What the Airplane 'Knee Defender' Teaches Us About Human Empathy
Picture this: It’s been a long business trip, your back is aching, and you collapse into a cramped seat for your final flight home. There’s just one last email you need to send before you can shut down your laptop and close your eyes, so when you get home you can focus on cooking dinner and helping the kids with their homework.
And then this happens: Some jerk drops into the seat in front of you, slams his seat back and practically crushes your MacBook Air. You don’t have a Knee Defender, the controversial device that keeps the person in front of you from reclining their seat. Instead, you spend the rest of the trip with your head craned to the side, trying to see your keyboard so you can type an email with your laptop only open a few inches.
As GM of Desk.com and a mother of two boisterous boys, I think a lot about empathy in both my personal and professional lives. How do I make sure that caring for customers is part of our company DNA? How do I raise children that will at least look behind them for laptops or babies before reclining their seats?
You might think empathy is just a touchie-feelie hippie notion, but it’s also smart business. In today’s technology-driven, often impersonal world, empathy can be your competitive advantage. When you have an empathetic culture, employees have a better understanding of market needs. They build tighter relationships with customers and create products they want. And they work together better as a team. For a small business, this can mean exponentially faster growth.
Here’s how we make empathy part of our culture at Desk and some tips to help your own business leverage it for growth:
Building a small business depends on more than your management team and a few star performers. I make it a point to have a half-hour meeting with every new employee, whether in marketing, sales, engineering or our own customer service team. We’re growing like crazy, so it's a big commitment, but not only do I get great ideas for optimizing every part of our operation but it also sets the tone with new employees that everyone is important.
We also hold bi-monthly meetings when we bring our entire team together. At each meeting we ask five people -- at random -- to share a fun fact. We’ve learned that one of our employees used to run a Turkish hotel, one can do a Rubik’s cube in under a minute and one used to model -- shirtless -- for Abercrombie and Fitch. Perhaps this is too much information sometimes, but our employees see each other as unique people, not just cogs in the machine, and work more creatively and collaboratively together.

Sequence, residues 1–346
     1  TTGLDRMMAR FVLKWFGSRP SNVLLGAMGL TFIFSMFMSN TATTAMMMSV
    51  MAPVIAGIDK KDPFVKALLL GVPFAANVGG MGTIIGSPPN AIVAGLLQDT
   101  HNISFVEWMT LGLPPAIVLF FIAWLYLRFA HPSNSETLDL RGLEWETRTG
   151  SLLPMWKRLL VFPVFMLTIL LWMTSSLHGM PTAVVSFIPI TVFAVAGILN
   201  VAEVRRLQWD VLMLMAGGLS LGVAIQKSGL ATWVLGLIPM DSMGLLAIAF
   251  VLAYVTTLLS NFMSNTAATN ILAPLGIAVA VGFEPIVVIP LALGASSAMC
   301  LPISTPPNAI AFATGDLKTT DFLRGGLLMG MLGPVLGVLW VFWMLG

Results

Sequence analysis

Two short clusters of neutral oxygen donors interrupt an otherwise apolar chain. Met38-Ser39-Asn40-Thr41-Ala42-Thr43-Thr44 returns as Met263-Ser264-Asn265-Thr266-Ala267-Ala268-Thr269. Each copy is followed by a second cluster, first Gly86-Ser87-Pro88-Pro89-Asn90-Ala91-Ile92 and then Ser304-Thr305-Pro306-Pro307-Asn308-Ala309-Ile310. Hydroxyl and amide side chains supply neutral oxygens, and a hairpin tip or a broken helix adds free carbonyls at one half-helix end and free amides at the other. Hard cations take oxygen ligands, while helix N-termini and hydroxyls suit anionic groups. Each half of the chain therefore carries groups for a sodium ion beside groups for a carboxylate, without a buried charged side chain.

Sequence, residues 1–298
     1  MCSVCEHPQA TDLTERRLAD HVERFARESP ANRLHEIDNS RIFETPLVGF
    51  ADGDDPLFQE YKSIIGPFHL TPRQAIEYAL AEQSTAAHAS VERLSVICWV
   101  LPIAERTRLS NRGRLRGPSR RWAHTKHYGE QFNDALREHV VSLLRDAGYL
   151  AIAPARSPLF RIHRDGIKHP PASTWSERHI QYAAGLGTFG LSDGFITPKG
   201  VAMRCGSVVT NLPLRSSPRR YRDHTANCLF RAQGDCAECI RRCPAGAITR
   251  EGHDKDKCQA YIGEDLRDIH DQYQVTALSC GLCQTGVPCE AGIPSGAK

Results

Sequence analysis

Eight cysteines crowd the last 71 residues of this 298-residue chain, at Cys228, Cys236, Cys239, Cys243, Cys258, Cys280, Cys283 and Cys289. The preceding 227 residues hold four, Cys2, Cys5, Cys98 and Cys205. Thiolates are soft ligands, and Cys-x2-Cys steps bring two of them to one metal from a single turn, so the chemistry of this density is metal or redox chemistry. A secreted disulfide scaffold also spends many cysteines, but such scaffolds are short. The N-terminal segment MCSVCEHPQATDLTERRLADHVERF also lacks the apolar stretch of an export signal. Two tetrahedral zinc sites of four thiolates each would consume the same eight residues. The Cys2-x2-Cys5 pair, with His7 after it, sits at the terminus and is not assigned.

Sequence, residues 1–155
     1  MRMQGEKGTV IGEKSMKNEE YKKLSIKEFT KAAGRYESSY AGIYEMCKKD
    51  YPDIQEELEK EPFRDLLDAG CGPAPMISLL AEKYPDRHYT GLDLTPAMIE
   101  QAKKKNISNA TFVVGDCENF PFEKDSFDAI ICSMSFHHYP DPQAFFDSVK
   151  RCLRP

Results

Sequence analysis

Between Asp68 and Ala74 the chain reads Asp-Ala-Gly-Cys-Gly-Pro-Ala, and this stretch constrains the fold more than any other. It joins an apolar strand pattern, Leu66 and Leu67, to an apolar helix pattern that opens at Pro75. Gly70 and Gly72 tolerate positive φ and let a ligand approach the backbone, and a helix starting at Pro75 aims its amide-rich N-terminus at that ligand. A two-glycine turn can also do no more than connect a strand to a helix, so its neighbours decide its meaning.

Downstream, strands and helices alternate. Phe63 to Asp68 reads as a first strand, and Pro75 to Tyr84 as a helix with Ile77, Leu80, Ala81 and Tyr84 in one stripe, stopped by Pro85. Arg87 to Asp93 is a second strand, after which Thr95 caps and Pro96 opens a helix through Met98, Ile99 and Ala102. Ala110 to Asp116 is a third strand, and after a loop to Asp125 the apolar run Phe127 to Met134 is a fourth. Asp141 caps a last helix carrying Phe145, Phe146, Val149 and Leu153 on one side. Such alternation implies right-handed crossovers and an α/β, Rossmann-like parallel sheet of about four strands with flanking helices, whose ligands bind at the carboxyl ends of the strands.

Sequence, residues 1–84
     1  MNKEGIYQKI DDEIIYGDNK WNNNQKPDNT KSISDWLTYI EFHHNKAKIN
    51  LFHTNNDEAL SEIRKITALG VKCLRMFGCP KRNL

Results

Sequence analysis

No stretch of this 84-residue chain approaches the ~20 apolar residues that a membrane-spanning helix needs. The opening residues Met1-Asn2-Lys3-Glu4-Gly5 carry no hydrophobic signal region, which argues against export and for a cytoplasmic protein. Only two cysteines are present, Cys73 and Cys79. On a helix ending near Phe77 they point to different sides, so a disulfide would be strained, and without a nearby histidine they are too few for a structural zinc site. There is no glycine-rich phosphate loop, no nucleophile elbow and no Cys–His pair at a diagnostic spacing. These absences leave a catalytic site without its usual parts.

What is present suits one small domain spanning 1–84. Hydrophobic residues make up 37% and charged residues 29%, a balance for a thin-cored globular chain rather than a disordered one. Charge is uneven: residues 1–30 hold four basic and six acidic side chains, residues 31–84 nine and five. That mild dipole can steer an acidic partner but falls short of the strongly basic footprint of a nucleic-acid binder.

Do something nice.
Child-rearing experts say that if you want your children to grow up to be nice people, you need to make doing nice things a priority. Each night at dinner, you should have a discussion with your family about the nice things that other people have done for you that day and what you have done for others.
You can also set the example at your company with acts of kindness. Throw a baby shower. Order cake for birthdays. Celebrate with champagne when a big deal is closed. Make volunteering a part of your culture. At Desk we’ve chosen two main charities to support -- the Children’s Discovery Museum and Stop Hunger Now -- and employees are encouraged to help out either individually or as a team. The result? A more thoughtful, caring team.
Give lots of carrots.
When you’re moving fast, it’s easy to forget to say thanks, so our management team makes it a point to say “awesome!” and appreciate everything our employees do. We have a lean team that needs to get a lot done in a small amount of time and we try to make sure they know that we are grateful for their hard work every step of the way.
It’s not that we praise everything. Make no mistake, my employees are well aware when they fall short of expectations. But we always, always appreciate the effort they put into things. And trust me, they find it much more motivating than the stick.
Hire empathetic people.
You can tell a lot about a person by the way they recline their seat on the bus or airplane. Do they stay upright for the duration of the trip so they don’t squish the people behind them? Or do they slam their seat back as far as it will go as soon as they get onboard? Do they glance apologetically at the person behind them as they slowly lean back? Do they at least check for small children or fragile computers behind them before leaning back?
It’s easier to hire empathetic people and teach your product than it is to hire product experts and teach empathy. It’s especially important when you are staffing your customer-service team. Next time you’re interviewing for a customer-service agent, try asking them whether they recline their seat on an airplane. Their answer will tell you a lot.
Give it a try. Companies such as Apple and Unilever show that empathy can be a competitive advantage. Who knows, maybe if we all do it there wouldn’t even be a need for a Knee Defender.